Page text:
Study Reveals Significant Ties with Transvaginal Mesh Injuries
A study published in JAMA Surgery online in late November 2016 discusses the association with transvaginal mesh complications that most plaintiffs who have filed a transvaginal mesh lawsuit allege concerning the increased risk for repeat surgery and mesh erosion that calls for additional care. The research reviewed TVT side effects tied to surgical procedures conducted for SUI versus surgical correction performed at the same time.
“There is evidence for a dose-response relationship between the amount of vaginal mesh used and subsequent mesh erosions and other complications, leading to repeated surgery,” said Art Sedrakyan, MD, PhD, of Weill Cornell Medical College in New York, and colleagues in the study entitled,
“Association Between the Amount of Vaginal Mesh Used With Mesh Erosions and Repeated Surgery After Repairing Pelvic Organ Prolapse and Stress Urinary Incontinence.”
Transvaginal mesh became a popular treatment for SUI and POP using minimally invasive surgery. In the past, more invasive surgery was used for both procedures and called for longer healing time, but those procedures are associated with fewer long-term complications, while minimally invasive TVT sling and POP surgery calls for less recovery time, but has been tied to greater complications, especially when conducted at the same time, the study indicated.
The study also revealed that when SUI correction was conducted alone and not with POP, the lowest risk for mesh complication was seen.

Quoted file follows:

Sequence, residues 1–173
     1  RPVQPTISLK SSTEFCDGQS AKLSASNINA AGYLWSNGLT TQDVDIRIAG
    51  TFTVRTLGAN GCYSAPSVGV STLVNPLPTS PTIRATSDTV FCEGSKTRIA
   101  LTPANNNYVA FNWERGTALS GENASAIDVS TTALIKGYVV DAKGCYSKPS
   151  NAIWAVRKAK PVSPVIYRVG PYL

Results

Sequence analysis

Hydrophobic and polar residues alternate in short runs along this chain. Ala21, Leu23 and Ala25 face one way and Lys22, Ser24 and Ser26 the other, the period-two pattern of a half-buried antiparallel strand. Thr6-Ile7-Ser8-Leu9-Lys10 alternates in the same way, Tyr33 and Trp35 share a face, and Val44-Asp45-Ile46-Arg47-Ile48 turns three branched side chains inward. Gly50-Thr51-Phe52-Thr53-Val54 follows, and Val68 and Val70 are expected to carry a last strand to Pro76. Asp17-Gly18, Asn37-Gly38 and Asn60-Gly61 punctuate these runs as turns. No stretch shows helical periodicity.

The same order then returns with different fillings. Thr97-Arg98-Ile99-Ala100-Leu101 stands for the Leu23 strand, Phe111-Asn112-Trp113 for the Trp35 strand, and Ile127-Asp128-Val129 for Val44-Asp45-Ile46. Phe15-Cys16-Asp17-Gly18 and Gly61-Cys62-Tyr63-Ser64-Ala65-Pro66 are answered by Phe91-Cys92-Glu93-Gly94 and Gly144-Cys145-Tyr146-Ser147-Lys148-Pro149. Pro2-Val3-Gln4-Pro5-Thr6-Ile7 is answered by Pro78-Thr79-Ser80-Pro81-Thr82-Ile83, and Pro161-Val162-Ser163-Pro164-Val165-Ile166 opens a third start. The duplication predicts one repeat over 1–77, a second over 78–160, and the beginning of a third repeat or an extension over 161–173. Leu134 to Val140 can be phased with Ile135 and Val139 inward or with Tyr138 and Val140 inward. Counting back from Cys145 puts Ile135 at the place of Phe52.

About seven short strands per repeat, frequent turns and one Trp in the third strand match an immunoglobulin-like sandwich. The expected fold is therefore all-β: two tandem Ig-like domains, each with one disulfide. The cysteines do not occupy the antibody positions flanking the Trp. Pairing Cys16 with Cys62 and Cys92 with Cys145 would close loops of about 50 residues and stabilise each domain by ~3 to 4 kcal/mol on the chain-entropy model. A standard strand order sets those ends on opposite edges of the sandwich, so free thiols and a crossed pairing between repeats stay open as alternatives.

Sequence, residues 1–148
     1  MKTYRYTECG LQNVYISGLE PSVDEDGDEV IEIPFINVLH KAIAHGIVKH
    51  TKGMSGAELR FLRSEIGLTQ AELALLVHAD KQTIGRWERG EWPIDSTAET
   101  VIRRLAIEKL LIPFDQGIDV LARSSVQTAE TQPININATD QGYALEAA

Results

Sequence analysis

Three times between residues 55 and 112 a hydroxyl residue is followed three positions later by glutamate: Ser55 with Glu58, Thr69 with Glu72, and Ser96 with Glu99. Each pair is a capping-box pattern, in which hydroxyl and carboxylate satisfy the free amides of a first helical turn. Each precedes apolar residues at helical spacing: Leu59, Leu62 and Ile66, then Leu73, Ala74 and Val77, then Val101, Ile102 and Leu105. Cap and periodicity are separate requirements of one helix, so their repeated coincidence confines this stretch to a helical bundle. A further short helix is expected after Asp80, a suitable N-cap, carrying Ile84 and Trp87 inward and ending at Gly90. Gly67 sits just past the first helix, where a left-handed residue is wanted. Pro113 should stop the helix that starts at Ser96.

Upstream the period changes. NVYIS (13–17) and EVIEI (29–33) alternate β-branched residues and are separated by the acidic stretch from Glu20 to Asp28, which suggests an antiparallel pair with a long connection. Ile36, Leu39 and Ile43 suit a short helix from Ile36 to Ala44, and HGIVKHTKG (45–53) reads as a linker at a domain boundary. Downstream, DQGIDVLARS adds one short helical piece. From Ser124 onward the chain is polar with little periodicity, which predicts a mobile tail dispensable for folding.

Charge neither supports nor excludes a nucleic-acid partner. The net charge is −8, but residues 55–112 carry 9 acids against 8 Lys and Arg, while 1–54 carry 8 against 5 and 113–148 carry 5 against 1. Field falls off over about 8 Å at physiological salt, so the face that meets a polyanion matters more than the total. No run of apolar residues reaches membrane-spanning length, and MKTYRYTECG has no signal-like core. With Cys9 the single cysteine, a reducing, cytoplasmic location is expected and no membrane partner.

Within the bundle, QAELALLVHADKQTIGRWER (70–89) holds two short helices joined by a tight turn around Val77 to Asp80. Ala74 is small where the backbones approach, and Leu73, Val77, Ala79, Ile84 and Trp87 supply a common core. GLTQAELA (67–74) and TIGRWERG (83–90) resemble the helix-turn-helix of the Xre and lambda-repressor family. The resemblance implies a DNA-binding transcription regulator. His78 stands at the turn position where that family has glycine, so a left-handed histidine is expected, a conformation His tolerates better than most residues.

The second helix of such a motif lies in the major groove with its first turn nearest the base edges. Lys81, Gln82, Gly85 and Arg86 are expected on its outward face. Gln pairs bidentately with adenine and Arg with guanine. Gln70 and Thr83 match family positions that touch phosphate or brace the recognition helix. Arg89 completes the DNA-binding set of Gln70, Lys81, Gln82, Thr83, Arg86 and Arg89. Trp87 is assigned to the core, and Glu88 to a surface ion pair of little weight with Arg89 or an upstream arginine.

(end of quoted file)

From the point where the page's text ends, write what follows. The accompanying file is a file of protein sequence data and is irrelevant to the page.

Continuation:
Four procedures were reviewed for the research and the authors determined the amount of mesh
Four procedures were reviewed for the research and the authors determined that the amount of mesh used increased with each of the four procedures identified in the study:
- Transvaginal POP repair with mesh and concurrent sling (vaginal mesh plus sling group)
- Transvaginal POP repair with mesh and no concurrent sling (vaginal mesh group)
- Transvaginal POP repair without mesh but concurrent sling for SUI (POP sling group)
- Sling for SUI alone (SUI sling group).
A database located in New York State consisted of 41,604 women who were an average of 56.2 years of age who underwent one of the four procedures during a four-year time frame that ended in 2012.
During one year of follow-up, clinically relevant mesh erosions occurred in 2.72 percent of the vaginal mesh plus sling group compared to 1.57 percent of the SUI sling group. Repeat surgery along with erosion led to similar results with the vaginal mesh plus sling group at 2.13 percent versus the SUI sling group at 1.16 percent. Also, the vaginal mesh group at 1.95 percent and POP group at 1.90 revealed mesh erosion risks that were similar.
The shortest time to repeat surgery-at 123 days-was seen in the SUI sling group, even though this group had a lower complication rate. Patient age had no impact and POP or SUI severity could not be assessed. Although it appears likely, more research is required to determine if placing a sling concurrently increases risks of mesh-related complications. Meanwhile, transvaginal mesh lawsuits now number in the tens of thousands and continue to rise.